The top U.S. offshore safety official said drilling activity — at least the way the Trump administration defines it — is increasing in the Gulf of Mexico, in part the result of a “renewal of optimism” following the president’s push to roll back regulation.
“This administration is very clear on offshore [oil and gas] being a prominent part of America’s energy portfolio, and that impacts companies’ desire to invest,” Scott Angelle, director of the Bureau of Safety and Environmental Enforcement, said in an interview. “At the same energy prices have helped their spirits.”
Angelle cited a BSEE report showing 46 drilling rigs operating in the Gulf of Mexico as of May 14, a level last seen in May 2016. And over the first four months of this year, 35 deepwater drilling permits were issued, almost double the tally from a year ago.
Those numbers differed dramatically from the data published by Baker Hughes, the drilling contractor whose weekly rig count is watched closely by analysts tracking the health of the oil industry.
According to Baker Hughes, the rig count in the Gulf of Mexico is 18, down 22 percent from a year ago.
A spokesman for BSEE explained the discrepancy as stemming from the agency’s data including rigs performing maintenance and other activities, and not just the drilling rigs Baker Hughes counts.
Imran Khan, a senior manager at the research firm Wood Mackenzie, said drilling activity in the Gulf had been fairly flat since 2016. But he added interest in the region is starting to pick up, “with two large discoveries that were announced within the last 6 months.”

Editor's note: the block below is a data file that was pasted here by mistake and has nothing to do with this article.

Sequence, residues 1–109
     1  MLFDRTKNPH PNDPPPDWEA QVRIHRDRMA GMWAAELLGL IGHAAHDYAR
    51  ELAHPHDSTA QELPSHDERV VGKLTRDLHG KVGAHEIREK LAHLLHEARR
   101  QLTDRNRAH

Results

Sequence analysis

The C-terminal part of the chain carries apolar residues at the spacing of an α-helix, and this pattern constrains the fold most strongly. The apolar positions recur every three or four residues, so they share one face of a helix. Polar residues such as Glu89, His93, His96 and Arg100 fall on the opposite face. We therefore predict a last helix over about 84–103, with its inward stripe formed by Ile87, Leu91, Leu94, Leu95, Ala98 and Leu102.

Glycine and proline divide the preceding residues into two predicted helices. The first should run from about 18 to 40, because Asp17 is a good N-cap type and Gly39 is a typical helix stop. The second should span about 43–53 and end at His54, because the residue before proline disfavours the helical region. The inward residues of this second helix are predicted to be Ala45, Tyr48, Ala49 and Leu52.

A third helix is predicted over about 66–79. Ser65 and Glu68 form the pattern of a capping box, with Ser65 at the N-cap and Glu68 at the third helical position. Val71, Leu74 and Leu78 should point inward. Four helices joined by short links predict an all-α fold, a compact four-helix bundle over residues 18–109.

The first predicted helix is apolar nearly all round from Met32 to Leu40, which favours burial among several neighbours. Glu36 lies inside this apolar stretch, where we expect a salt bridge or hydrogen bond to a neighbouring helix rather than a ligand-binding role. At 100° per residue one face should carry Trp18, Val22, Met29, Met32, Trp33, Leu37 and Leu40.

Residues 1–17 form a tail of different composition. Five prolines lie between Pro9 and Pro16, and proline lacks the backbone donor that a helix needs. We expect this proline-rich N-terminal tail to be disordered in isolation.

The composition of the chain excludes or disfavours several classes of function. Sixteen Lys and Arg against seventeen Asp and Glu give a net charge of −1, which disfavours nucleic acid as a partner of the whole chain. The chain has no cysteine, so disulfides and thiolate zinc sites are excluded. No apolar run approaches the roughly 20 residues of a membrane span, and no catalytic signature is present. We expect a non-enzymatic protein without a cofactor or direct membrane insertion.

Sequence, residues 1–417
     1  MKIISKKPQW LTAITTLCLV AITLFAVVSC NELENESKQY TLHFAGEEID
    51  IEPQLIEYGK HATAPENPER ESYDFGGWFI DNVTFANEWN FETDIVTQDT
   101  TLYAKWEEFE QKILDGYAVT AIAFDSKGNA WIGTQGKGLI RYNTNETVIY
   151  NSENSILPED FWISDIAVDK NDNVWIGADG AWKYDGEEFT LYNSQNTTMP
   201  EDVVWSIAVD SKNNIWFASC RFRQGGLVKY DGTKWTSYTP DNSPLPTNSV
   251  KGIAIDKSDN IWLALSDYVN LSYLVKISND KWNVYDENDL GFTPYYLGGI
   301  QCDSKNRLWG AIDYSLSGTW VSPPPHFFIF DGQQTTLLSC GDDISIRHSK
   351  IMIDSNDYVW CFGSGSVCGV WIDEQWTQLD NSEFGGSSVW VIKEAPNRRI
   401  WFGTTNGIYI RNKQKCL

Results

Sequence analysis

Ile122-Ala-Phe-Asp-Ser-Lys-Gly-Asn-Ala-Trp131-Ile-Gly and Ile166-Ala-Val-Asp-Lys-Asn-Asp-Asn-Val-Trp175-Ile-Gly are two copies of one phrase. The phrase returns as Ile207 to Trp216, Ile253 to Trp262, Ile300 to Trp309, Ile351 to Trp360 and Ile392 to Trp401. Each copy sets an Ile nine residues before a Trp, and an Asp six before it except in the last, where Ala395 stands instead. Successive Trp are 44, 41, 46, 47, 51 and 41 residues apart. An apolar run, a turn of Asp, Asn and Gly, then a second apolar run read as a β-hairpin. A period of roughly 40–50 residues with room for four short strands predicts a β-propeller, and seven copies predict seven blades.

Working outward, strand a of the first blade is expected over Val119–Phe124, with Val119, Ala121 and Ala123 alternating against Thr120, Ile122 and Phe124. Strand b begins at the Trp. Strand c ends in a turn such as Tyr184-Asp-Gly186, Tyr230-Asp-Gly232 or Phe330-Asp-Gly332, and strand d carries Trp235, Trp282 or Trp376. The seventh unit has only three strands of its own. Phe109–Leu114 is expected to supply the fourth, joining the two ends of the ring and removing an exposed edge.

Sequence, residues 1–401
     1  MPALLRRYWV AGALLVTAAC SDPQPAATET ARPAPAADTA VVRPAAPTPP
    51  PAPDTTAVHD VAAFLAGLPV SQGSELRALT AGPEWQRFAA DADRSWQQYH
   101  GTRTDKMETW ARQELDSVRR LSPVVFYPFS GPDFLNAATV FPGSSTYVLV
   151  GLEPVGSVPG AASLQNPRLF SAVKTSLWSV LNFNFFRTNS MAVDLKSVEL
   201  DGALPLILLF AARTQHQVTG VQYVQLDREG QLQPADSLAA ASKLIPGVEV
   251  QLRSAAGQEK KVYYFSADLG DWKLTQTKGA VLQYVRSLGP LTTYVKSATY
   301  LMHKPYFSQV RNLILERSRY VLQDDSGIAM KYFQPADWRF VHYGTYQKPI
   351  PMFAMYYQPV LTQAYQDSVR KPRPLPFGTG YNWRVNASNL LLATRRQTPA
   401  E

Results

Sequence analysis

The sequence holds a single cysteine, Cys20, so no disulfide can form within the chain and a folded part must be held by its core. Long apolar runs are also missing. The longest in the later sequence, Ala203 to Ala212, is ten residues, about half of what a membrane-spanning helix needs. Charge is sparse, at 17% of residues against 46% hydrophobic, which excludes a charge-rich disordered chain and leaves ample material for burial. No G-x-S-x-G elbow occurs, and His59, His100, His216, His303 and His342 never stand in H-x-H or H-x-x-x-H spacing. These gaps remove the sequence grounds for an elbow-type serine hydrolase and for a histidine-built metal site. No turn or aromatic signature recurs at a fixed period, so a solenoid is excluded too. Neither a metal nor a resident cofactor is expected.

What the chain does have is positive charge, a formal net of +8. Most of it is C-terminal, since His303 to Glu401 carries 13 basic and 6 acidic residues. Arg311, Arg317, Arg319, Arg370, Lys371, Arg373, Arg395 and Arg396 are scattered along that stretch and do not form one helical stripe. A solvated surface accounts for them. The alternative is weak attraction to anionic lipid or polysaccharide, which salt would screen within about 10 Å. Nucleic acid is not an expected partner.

That is in large part driven to a rise in oil prices, with West Texas Intermediate now trading at more than $70 a barrel, its highest level since 2014.
At the same time Trump has been drawing applause from oil executives for his changes to environmental and safety regulations put in place following the Deepwater Horizon explosion and oil spill in 2010.
The moves have drawn criticism from environmentalists and a number of Democrats, who worry the revisions could increase the chance of another large spill.
But Angelle insisted that his agency only changed 18 percent of the regulations, known as the well control rule, and stayed within the recommendations made by the bipartisan commission that former president Barack Obama ordered to study the causes of the accident.
“We can not ever sacrifice safety, but at the same time we can be a country that embraces safe operation and robust production,” Angelle said.
This article first appeared on the Houston Chronicle – an Energy Voice content partner. For more from the Houston Chronicle click here.